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Saxagliptin/Metformin ER

Important Information for Your Healthcare Provider

You should talk with your healthcare provider prior to taking saxagliptin/metformin ER if you have:
  • Kidney disease, such as kidney failure (renal failure)
  • Liver disease, such as liver failure, hepatitis, or cirrhosis
  • An alcohol problem
  • An upcoming radiology procedure that will require the use of contrast dye
  • Pernicious anemia
  • Ever had pancreatitis (inflammation or infection of the pancreas
  • Type 1 diabetes
  • Diabetic ketoacidosis
  • Any allergies, including to food, dyes, or preservatives.
Also, let your healthcare provider know if you are:
Make sure to tell your healthcare provider about all of the medicines you take, including prescription and nonprescription medicines, vitamins, and herbal supplements.
(Click Precautions and Warnings With Saxagliptin/Metformin ER to learn more, including information on who should not take the drug.)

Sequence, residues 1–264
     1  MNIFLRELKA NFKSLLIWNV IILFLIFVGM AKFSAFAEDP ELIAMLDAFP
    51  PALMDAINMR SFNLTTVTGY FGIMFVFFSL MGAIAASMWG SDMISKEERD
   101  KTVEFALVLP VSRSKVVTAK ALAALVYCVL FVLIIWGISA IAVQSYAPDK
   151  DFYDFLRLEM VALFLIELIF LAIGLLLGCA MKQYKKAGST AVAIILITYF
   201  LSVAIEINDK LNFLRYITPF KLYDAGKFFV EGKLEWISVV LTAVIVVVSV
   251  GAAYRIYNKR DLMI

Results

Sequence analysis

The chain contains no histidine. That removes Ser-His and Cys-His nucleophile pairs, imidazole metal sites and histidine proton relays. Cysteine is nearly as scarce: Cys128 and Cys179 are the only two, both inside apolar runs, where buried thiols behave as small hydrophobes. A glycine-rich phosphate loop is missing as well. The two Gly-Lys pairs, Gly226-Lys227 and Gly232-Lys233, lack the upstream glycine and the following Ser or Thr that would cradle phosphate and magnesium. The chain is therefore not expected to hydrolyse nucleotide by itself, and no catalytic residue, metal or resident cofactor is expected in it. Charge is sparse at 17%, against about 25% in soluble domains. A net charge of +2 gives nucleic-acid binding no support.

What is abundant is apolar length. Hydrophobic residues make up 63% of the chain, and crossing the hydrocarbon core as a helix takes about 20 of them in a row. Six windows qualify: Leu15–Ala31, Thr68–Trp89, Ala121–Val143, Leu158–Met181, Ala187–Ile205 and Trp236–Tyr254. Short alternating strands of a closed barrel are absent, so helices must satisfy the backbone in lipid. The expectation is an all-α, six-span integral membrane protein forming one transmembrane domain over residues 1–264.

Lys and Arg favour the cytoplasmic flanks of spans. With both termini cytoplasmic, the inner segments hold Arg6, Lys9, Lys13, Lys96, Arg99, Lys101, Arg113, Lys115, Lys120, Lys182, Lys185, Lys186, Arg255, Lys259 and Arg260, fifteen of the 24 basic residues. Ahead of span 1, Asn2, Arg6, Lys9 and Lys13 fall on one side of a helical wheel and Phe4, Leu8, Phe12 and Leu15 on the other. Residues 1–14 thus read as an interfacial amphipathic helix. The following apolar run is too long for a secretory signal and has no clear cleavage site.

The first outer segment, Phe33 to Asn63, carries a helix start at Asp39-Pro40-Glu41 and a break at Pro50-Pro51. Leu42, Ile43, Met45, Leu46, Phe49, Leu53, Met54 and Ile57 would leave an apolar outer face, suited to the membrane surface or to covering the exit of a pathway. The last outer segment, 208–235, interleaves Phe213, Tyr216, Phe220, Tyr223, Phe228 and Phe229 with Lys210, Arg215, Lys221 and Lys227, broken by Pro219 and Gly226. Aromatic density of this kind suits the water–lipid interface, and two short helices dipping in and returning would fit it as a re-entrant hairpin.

How Does It Work?

Saxagliptin/metformin ER contains two different kinds of diabetes medication. Saxagliptin is part of a class of drugs called dipeptidyl peptidase-4 (DPP-4) inhibitors. DPP-4 is an enzyme that breaks down incretin hormones.
As a DPP-4 inhibitor, saxagliptin slows down the breakdown of incretin hormones, increasing the level of these hormones in the body. It is this increase that is responsible for the beneficial actions of saxagliptin, including increasing insulin production in response to meals and decreasing the amount of glucose (sugar) that the liver produces.
Because incretin hormones are more active in response to higher blood sugar levels and are less active in response to low blood sugar, the risk of dangerously low blood sugar (hypoglycemia) is low with saxagliptin.
Saxagliptin/metformin ER also contains metformin, a biguanide medication. Metformin works in several ways. It decreases the amount of sugar the liver makes. Metformin can also decrease the amount of sugar absorbed into the body from the diet and can make insulin receptors more sensitive, helping the body respond to its own insulin better. All of these effects cause a decrease in blood sugar levels and better control.
Diabetes Tips for Seniors

Saxagliptin/Metformin ER Drug Information

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